In the Gallier House parlor, notice a copy of the 1849 edition of “A Visit from St. Nicholas,” now better known as “The Night Before Christmas.” Upon reading this classic poem, you may think that it described well-known Christmas iconography and customs of the time, but this is not the case. Prior to the popularity of this poem, it was not at all universal that St. Nick would deliver gifts on Christmas Eve. Early Dutch settlers of New York esteemed St. Nicholas as their patron saint and hung stockings to be filled with gifts on December 5th, the eve of St. Nicholas Day.
The poem also popularized the idea that “chubby and plump” St. Nick was pulled by a team of eight reindeer, each with individual names! It is unlikely that New Orleanians in the 1830s would have called him Santa Claus, but Santa would be a household name by the 1860s. That is mostly thanks to cartoonist Thomas Nast, who drew for Harper’s Weekly and is credited with the image of the Santa we know him today — the North Pole, Mrs. Claus, and a staff of elves included. Nast had previously illustrated campaign posters for President Lincoln, and legend has it that Lincoln himself requested that Nast draw an image of Santa Claus visiting the Union troops for the December cover of Harper’s Weekly in 1863.
Prior to and during the Civil War, Christmas often would be the only holiday for enslaved people. Enslaved field laborers would have time off, anywhere from a day to two weeks. In the Federal Writers’ Project interviews, former slaves share memories of receiving gifts, making music, dancing, drinking whiskey and eggnog, and eating well around Christmas and the New Year. It was also a time that some enslaved people would be “allowed” to visit family members from whom they had been forcibly separated. Unfortunately, enslaved workers in family homes likely would not have been given as much time. For them, the holidays would be hard work, particularly to prepare the lavish meals and decorations. The Galliers, Grimas, and Hermanns probably would have given such gifts as clothing, treats, and trinkets to those whom they enslaved. In a paternalistic fashion, some slaveowners would give better gifts and more time off as a “reward” for good behavior.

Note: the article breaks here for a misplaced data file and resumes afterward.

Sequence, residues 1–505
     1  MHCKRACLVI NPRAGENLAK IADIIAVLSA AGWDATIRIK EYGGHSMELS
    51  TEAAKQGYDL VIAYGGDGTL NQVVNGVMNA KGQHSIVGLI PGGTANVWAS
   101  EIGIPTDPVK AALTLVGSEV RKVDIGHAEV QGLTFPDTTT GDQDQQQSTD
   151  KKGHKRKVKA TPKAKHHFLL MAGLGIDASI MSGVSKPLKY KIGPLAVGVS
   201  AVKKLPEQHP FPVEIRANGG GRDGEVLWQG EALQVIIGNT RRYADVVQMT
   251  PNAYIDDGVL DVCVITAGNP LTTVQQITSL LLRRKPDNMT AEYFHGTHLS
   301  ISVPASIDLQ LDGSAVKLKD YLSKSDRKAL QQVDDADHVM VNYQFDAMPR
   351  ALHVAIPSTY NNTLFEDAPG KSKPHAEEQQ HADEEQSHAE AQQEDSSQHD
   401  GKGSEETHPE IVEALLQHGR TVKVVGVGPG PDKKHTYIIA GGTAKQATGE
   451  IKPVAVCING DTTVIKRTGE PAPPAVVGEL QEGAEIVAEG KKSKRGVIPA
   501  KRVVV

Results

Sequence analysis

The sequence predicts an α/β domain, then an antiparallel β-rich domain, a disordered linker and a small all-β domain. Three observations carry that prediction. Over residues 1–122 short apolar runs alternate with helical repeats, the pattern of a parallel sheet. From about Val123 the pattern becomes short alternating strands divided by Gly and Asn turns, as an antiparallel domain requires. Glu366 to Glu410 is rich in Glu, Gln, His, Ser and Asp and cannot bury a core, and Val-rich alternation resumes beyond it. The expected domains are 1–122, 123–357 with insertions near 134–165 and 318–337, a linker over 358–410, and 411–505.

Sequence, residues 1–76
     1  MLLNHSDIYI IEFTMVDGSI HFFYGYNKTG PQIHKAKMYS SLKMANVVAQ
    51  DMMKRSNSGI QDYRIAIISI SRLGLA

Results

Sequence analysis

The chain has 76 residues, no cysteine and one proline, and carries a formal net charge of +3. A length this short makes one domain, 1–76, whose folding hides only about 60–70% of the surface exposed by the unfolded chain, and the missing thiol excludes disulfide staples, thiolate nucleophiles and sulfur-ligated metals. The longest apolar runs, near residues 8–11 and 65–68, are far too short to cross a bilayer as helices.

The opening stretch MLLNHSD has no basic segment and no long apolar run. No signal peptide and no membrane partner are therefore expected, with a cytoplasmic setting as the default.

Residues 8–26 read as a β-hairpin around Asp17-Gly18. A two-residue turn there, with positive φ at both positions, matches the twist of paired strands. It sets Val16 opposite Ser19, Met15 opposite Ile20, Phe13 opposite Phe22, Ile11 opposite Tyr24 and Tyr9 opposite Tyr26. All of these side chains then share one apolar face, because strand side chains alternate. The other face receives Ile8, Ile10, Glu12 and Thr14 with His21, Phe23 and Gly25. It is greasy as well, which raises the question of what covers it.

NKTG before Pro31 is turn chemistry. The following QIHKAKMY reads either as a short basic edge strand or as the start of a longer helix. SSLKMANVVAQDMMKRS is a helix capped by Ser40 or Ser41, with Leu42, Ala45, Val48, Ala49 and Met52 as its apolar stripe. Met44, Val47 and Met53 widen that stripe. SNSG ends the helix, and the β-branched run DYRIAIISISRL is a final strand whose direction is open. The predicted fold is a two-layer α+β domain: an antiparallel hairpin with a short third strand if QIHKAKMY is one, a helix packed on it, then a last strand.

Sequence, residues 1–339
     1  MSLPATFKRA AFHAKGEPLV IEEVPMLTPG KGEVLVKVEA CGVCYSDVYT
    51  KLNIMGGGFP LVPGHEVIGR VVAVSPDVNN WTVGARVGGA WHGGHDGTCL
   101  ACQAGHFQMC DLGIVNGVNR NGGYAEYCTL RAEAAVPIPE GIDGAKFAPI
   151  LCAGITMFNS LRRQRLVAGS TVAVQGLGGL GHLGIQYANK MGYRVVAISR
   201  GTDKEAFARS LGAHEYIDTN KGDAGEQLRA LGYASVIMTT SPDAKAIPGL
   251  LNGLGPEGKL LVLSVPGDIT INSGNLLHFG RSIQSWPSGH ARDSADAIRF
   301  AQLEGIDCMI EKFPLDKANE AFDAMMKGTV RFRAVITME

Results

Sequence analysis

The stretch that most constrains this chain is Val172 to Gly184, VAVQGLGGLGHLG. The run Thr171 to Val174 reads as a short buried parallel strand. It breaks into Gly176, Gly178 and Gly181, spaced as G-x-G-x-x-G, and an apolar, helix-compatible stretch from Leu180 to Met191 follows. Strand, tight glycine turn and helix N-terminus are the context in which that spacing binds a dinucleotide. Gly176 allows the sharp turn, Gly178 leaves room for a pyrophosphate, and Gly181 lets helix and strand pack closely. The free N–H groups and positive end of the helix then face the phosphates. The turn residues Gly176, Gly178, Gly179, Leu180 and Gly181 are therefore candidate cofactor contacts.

By the conclusion of the nineteenth century, Americans celebrated the holiday season as we know it today: a decorated tree, wrapping and giving gifts, tales of Santa Claus, and even greeting cards. The evolution of a classic Christmas had everything to do with the social and economic forces at play. Industrialization and urbanization allowed for more mass production and consumerism of gifts, but in a way, these trends also created a social need for a grounding family ritual in times of change. People began wrapping gifts as a way to add a personal touch to a factory-made product. Perhaps most importantly, it was after the Civil War that a cohesive American Christmas was marketed as a way to unite people regardless of region, status, or ancestry.